At this point in the 2016 race, polls were giving Hillary Clinton the appearance of an insurmountable lead against Donald Trump. Nationally, Hillary lead by decent margins, clearing 50% on occasion, but usually topping out around 48%. State polls showed a similar picture, where areas such as Wisconsin were giving Clinton a 9-point lead over Trump in June of 2016. The end result was a Trump victory in Wisconsin by a 0.7 percent margin. This means Donald Trump’s numbers leading up to the election in the state were underestimated by at least six to nine points depending on the poll, a stunning disparity.
Sticking with Wisconsin, specifically, since it’s such a major battleground, we can now examine polls from the same time in the campaign during the 2016 race.
The current RealClearPolitics average gives Biden a 3.4 percent lead over President Trump.
|RCP Average||3/6 – 6/2||—||—||46.4||43.0||Biden +3.4|
|FOX News||5/30 – 6/2||801 RV||3.5||49||40||Biden +9|
|CNBC/Change Research (D)||5/29 – 5/31||382 LV||—||45||45||Tie|
|Marquette||5/3 – 5/7||811 RV||4.0||46||43||Biden +3|
|PPP (D)||3/10 – 3/11||1727 RV||2.4||48||45||Biden +3|
|Yahoo News/YouGov||3/6 – 3/8||RV||—||44||42||Biden +2|
It’s important to point out that many of these polls were conducted in the days before the protests and riots surrounding the death of George Floyd at the hands of Minnesota police officers. The most recent number, the Fox News poll released days ago with sampling from May 30 to June 2, gives Biden a 9-point lead among registered voters.
However, just days earlier, with a sampling from May 29 to May 31, a CNBC poll of likely voters in Wisconsin pinned the race as a tie with 45% support each.
Republicans always tend to fare better among “likely voters” than among “adults” or “registered voters” since not everyone in the latter two categories will actually show up to vote, though they may skew Democrat.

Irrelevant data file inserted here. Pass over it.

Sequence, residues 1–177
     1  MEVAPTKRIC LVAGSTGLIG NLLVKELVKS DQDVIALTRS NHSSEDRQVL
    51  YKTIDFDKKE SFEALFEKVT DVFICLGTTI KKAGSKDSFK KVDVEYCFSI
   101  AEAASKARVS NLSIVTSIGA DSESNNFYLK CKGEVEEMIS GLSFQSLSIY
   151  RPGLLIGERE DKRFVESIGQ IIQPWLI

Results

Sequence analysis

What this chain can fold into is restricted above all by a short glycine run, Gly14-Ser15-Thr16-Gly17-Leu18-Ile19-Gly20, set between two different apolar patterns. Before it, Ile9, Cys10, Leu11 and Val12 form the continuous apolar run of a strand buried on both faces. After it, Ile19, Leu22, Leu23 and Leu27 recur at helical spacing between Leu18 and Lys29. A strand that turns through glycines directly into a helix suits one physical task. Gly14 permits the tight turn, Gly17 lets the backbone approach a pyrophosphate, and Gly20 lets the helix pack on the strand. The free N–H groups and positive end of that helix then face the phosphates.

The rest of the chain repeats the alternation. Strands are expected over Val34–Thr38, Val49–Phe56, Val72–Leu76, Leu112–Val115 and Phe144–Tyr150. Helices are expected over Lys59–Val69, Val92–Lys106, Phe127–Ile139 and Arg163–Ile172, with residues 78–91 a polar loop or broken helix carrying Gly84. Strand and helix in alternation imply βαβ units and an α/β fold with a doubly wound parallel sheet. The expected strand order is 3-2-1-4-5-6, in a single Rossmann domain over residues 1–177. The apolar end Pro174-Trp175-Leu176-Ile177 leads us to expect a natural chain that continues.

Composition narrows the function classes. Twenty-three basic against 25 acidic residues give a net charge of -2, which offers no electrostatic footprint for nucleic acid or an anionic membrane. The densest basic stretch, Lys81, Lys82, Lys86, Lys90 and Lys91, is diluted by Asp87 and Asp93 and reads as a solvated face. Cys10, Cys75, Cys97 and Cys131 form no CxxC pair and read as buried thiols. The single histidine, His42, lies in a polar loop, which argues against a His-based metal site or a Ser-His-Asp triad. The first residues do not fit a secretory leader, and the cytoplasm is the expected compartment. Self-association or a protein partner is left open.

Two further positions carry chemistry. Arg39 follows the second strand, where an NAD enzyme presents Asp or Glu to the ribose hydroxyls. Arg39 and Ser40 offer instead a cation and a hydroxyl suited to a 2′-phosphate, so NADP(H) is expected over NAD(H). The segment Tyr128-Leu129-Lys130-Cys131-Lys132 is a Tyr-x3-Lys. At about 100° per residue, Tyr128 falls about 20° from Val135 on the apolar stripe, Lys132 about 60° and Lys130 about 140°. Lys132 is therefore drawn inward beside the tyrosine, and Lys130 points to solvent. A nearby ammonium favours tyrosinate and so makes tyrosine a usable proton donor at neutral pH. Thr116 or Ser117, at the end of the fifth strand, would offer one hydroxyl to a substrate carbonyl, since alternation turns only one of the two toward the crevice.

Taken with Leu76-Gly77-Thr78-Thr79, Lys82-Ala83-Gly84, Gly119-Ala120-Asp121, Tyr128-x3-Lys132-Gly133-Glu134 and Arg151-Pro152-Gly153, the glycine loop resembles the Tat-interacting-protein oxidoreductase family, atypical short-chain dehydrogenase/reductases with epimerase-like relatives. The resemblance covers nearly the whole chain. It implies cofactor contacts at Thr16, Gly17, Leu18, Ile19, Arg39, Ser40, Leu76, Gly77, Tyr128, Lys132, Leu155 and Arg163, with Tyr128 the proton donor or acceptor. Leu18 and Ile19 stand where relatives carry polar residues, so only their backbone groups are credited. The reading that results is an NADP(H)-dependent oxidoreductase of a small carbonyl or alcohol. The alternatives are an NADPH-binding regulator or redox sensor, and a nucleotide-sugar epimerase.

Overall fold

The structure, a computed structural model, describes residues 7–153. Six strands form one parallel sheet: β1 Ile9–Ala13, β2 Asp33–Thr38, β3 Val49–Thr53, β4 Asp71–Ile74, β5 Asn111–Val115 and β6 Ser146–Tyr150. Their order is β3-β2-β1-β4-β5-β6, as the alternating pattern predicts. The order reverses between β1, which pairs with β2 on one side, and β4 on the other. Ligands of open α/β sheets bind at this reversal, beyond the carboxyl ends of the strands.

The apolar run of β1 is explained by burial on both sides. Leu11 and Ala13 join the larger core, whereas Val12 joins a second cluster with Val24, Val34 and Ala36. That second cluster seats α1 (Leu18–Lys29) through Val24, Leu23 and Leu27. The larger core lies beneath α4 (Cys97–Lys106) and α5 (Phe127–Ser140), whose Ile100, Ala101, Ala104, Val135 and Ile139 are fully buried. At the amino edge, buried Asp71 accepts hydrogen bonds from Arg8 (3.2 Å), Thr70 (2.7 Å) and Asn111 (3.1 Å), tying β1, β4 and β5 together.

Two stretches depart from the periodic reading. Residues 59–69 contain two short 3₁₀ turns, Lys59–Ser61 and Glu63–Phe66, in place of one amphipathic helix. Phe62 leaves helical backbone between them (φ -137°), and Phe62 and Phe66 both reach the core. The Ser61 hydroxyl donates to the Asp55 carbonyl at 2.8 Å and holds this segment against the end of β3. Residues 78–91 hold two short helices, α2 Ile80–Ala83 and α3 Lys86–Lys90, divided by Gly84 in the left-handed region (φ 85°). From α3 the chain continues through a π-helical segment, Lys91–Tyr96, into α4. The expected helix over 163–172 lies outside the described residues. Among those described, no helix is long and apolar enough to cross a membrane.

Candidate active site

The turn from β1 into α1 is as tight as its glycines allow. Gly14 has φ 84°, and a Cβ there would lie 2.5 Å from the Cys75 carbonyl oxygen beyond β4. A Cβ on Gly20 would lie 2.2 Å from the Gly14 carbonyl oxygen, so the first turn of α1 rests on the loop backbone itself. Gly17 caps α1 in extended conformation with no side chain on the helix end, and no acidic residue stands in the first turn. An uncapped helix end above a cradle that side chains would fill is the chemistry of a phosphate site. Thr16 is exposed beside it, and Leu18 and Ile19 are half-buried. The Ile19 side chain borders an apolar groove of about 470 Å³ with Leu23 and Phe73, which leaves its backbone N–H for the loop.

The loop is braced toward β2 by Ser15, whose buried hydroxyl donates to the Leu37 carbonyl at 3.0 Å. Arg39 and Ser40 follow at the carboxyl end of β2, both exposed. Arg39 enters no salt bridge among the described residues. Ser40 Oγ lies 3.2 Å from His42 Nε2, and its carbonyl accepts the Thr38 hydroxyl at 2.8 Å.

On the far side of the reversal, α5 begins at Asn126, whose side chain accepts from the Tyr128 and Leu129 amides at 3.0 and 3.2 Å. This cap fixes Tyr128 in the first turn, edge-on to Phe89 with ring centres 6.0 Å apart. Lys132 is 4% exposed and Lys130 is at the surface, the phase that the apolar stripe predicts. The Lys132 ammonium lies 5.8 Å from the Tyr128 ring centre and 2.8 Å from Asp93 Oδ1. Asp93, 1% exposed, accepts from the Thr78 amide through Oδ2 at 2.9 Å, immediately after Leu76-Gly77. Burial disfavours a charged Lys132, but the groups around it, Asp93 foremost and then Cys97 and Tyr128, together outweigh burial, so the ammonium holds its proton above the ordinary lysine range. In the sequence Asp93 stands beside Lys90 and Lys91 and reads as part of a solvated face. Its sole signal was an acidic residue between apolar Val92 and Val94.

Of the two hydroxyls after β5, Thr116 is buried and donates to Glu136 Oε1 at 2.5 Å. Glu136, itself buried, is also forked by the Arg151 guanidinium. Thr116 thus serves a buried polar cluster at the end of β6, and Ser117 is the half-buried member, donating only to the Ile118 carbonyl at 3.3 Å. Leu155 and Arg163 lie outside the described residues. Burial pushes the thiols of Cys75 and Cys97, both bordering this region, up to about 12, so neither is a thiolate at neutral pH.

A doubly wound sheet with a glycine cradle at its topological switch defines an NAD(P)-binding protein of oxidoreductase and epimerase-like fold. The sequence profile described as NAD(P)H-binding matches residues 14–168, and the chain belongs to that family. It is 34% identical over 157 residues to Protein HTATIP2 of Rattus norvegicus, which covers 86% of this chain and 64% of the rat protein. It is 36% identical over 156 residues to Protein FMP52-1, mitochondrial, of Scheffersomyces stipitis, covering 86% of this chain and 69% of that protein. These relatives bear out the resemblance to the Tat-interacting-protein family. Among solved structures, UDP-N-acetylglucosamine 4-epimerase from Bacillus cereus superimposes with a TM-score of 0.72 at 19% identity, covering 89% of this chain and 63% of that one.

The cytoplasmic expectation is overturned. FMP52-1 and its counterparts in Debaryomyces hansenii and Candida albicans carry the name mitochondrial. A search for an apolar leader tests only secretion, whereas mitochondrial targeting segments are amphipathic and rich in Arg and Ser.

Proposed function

A tie to a 9-point Biden lead is quite a spread of the numbers, and the voter model clearly has something to do with the difference. As pollsters begin to shift toward a likely voter model, which tends to be more reflective of the final outcome, the numbers will most certainly tighten.
Looking at another major 2016 and 2020 battleground might show a different story. In Michigan, for example, where polling expected a Hillary Clinton win in 2016 by three to five points, Trump once again outperformed polls and won the state by a mere 0.3 percent of the vote over Hillary.
The current crop of Michigan polls from the RealClearPolitics average is more generous right now to Biden than it was for Clinton back in 2016, even among likely voters:
|RCP Average||4/18 – 6/3||—||—||50.0||42.7||Biden +7.3|
|EPIC-MRA||5/30 – 6/3||600 LV||4.0||53||41||Biden +12|
|CNBC/Change Research (D)||5/29 – 5/31||620 LV||—||48||46||Biden +2|
|FOX News||4/18 – 4/21||801 RV||3.5||49||41||Biden +8|
Hillary Clinton spent the duration of 2016 with a five to an eight-point lead over Trump in Michigan polls. The come-from-behind victory at the end was perhaps one of the biggest surprises, aside from Pennsylvania.
Polls are giving Biden a better chance in Michigan against Trump than they did for Hillary in 2016.
The big question is whether polls could be vastly underestimating the final turnout from Trump the same way they did in 2016. Media stories continue to be published about how Joe Biden appears to be winning all over the map, far ahead in key battleground states and winning the national numbers sometimes by double-digits.
The same stories, at almost the same time period four years ago, were being written about the race between Hillary Clinton and Donald Trump.
All sides were stunned at Donald Trump’s victory in 2016 when none of the conventional indicators seemed to forecast such a result. Will 2020 be similar, or will pollsters adjust models to try and ensure they are reflecting realistic numbers? This is not to say pollsters weren’t trying to produce accurate numbers in 2016, it’s likely more a result of an uncertain electorate waiting until the very last minute to make a final decision, which ended up breaking favorably for Trump.
All of this is to say that for Biden supporters, polls can create a false sense of security, as they did for Hillary supporters in 2016. Trump supporters tended to discount the polls in 2016, as they do in 2020, but they shouldn’t be ignored or written off as “fake news” quite yet.
All voters and observers would do well to keep polling in perspective as the imperfect tool that it is. If there was no greater demonstration of how polls can be accurate, and still misjudge the final outcome as they did in 2016, then we should do well to be more careful and discerning when relying on polls in 2020.